I could hardly believe it. There I was standing in front of a tiny prison cell in the maximum security prison on Robben Island, nestled quietly in the harbor of Cape Town, South Africa. I stood in silence, staring at the cell with its three rough wool blankets, its one lonely wooden stool and the small, hard metal bed that stood abandoned in the corner.
For 18 years, this oppressive space had been the "home" of Nelson Mandela. It was here that he suffered the indignities of physical torture and mental anguish. It was here that he wrote notes in secret, hiding them in the nooks and crannies of his cell, smuggling them to the outside world to call attention to his on-going struggle against the vicious apartheid regime of his homeland. I was startled from my deep concentration by the quiet voice of my guide, Charles Mboto, and brought back to the present. Charles is one of several black men who serve as guides for those like myself who come to Robben Island to see this prison and all it represents. Like the others, Charles was once a political prisoner on this island, in this prison.
He shows us around the prison - the yard where he was hit by guards on a regular basis for trying to speak with another prisoner; the lime pit where they were forced to work all day in the hot sun without water; and the flat, desolate sand where they would be buried up to their heads in the midday sun for hours as "discipline," merely to keep them broken and in line.
Charles had been arrested as a young man for joining an anti-apartheid group and was sentenced to five years on Robben Island. When the five, tortuous years were up, the authorities simply announced that he was still a danger to the state and added another seven years to his sentence. So there he stayed, with Nelson Mandela and so many others - imprisoned for the dream of freedom. His story would have been a powerful one in any season and on any day. But it was particularly powerful that day - for just a few hours later, I was sitting down to a seder on the first night of Passover. Imagine how I felt reciting the words "This year we are slaves, next year we will be free" after seeing the prison of Robben Island. "In every generation we are to see ourselves as if we personally went free from the slavery of Egypt," we read in the haggadah. And as I read those words, tears filled my eyes. I cried not only for those who had been imprisoned and beaten, robbed of their dignity and even killed simply for being who they were. For as I looked around the seder table at those wonderful, loving members of the Jewish community who had reached out to fulfill the mitzvah of "let all who are hungry come and eat" and had taken Didi and me into their homes to share the Passover seder, I realized how pained and conflicted and difficult their lives and the choices they were forced to make had been as well.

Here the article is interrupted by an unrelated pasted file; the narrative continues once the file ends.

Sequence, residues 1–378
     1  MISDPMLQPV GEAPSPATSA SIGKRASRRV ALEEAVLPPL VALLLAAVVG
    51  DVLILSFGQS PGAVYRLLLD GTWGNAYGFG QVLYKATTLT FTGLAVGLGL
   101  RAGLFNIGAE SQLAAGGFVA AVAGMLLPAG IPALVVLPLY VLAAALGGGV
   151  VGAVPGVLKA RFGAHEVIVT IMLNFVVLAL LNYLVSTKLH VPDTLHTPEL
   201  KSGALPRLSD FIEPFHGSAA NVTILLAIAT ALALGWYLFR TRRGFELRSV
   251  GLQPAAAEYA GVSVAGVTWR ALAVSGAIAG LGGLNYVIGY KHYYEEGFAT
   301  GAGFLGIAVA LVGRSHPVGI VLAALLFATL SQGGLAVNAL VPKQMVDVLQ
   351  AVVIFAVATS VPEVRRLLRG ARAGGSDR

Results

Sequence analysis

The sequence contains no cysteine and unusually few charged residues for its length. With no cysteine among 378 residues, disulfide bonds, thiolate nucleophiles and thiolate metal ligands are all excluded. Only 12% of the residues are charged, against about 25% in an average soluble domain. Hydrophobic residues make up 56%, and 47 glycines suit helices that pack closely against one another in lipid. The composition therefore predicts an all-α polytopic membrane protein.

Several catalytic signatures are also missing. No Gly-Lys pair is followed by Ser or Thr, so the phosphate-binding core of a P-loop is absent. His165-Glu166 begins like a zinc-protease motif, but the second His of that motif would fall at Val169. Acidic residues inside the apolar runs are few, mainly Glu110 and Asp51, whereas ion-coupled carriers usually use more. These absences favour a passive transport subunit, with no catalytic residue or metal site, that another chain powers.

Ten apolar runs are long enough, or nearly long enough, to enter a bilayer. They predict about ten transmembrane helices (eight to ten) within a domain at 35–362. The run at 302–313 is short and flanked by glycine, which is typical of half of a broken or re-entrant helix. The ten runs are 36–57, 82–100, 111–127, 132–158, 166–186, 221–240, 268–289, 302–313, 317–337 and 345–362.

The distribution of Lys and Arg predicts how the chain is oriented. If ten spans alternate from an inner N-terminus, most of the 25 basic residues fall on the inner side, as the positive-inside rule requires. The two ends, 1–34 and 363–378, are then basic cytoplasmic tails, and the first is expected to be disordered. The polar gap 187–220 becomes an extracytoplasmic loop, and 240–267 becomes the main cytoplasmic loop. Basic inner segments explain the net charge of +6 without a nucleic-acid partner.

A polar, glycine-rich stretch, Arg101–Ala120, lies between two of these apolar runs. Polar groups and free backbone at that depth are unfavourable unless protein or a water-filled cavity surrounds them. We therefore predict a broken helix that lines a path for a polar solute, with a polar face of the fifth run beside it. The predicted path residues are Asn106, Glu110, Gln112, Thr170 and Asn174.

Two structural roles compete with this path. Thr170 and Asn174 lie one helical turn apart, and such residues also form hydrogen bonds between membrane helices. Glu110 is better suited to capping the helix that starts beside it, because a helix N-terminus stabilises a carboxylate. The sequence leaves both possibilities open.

This week's Torah portion begins with God commanding Moses to take a census of all the Children of Israel. As I read the portion I realized that a census is not only a way of finding out who we are, but who among us is willing to stand up and be counted. So I thought back to my experiences in South Africa, and I wondered had I lived there before it was abolished just a few years ago in 1994, if I would have had the courage to stand up and be counted in the fight against apartheid. I suppose I will never know the answer to that question. So, instead, I have made a pledge to renew my commitment this year to stand up for the dignity of the invisible poor and the ignored homeless, and have joined the board of Chrysalis, to help bring jobs and dignity back into the lives of those most in need here in our own backyards.
Steven Carr Reuben, Ph.D., is senior rabbi of Kehillat Israel, the Reconstructionist congregation of Pacific Palisades.